Individuals are doing better than the federal government in terms of getting a handle on debt, at least for now. TransUnion, one of the big three credit reporting agencies, just released a study showing Americans have made dramatic progress in paying down credit card debt, despite the obviously poor state of the economy.
And the household debt service ratio (DSR), which estimates the proportion of debt payments to after-tax income, is at its lowest level since the middle of 1995. The ratio takes into account required principal and interest on outstanding mortgage and consumer loans.
The financial obligations ratio (FOR), an even more realistic measure of household debt, adds such things as automobile leases, rent, property insurance, and real estate tax payments to the debt service ratio. The FOR is down, too, for both renters and homeowners.
But here's the thing: Those positive statistics measure consumer behavior only through the first quarter of 2011. Statistics trickling in for the second quarter, including the most recent data from the Federal Reserve, show consumer credit is increasing.
Take the positive spin on household debt with a grain of salt, and understand debt will rebound unless there is another collective belt tightening -- an arguably difficult task, given the current unemployment rate.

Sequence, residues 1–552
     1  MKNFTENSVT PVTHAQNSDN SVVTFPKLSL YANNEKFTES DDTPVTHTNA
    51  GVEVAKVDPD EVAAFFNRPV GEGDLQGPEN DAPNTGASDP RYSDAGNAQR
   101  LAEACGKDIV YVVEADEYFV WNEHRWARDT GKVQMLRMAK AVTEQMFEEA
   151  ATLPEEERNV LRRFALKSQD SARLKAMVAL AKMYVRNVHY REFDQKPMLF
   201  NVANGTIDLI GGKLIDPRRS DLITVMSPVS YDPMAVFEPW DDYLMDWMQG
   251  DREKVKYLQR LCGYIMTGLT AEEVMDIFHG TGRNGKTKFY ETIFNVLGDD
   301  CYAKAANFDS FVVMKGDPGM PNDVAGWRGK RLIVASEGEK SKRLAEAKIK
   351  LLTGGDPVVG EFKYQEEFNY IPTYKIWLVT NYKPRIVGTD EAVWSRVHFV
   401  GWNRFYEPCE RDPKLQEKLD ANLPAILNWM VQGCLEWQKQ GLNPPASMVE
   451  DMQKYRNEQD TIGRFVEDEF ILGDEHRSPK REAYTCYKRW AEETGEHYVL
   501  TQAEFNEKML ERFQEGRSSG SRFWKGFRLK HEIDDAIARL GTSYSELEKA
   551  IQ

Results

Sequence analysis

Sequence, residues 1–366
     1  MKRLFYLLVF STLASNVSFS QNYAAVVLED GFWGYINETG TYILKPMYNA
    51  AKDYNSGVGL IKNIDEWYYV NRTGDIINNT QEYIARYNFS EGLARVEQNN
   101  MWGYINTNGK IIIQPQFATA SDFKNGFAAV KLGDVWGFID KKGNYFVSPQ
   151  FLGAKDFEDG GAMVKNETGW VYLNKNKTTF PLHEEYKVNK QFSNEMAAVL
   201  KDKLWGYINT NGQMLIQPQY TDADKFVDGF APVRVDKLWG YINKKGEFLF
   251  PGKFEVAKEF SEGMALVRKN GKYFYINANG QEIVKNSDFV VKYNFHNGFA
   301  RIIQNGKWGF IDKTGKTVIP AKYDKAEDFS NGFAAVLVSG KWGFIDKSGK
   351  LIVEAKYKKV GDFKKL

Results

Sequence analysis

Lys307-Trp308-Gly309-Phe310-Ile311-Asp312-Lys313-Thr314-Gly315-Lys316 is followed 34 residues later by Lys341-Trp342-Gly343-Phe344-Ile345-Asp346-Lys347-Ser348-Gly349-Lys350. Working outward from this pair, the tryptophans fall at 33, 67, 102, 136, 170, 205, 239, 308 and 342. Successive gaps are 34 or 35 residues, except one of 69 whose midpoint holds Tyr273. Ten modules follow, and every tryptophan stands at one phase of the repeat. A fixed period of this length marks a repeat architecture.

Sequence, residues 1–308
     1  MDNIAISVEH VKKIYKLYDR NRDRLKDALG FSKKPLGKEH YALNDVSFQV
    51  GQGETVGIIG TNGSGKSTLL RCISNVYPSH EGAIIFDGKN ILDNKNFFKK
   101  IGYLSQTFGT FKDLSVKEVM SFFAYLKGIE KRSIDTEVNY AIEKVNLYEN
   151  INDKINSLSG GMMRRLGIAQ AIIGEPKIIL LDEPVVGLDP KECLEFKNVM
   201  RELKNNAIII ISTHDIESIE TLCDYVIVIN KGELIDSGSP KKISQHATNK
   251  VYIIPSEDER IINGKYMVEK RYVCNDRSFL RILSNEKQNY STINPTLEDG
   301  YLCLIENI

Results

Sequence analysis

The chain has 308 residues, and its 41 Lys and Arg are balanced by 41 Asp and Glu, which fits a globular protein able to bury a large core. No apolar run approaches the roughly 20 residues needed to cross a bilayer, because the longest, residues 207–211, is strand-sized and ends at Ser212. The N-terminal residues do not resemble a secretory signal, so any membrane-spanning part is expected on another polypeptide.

In the study released today, TransUnion found consumers spent roughly $72 billion more on credit card payments than on card purchases between the first quarters of 2009 and 2010. The research refutes perceptions that the primary reason card balances have declined in the past few years is because creditors were writing off debt they deemed uncollectable, the agency stated.
(TransUnion, owned by the private equity firm Madison Dearborn Partners and Chicago's Pritzker family, apparently has quite a bit of debt of its own. In a filing with the Securities and Exchange Commission this month, the Chicago company said it plans sell up to $325 million in stock in an initial public offering and will use the proceeds to reduce "a substantial amount of indebtedness" and for general corporate purposes.)
Ezra Becker, vice president of research and consulting in TransUnion's financial services business unit, said, "Our analysis shows that consumers have made a concerted effort to pay down their credit cards during these uncertain economic times."
Between the first quarter of 2009 and the first quarter of 2010, average credit card debt per borrower in the US declined more than $600, from $5,776 to $5,165, the study found. By the first quarter of 2011, the average debt had hit a 10-year low of $4,679.
The unanswered question: What will that average look like as the year goes on?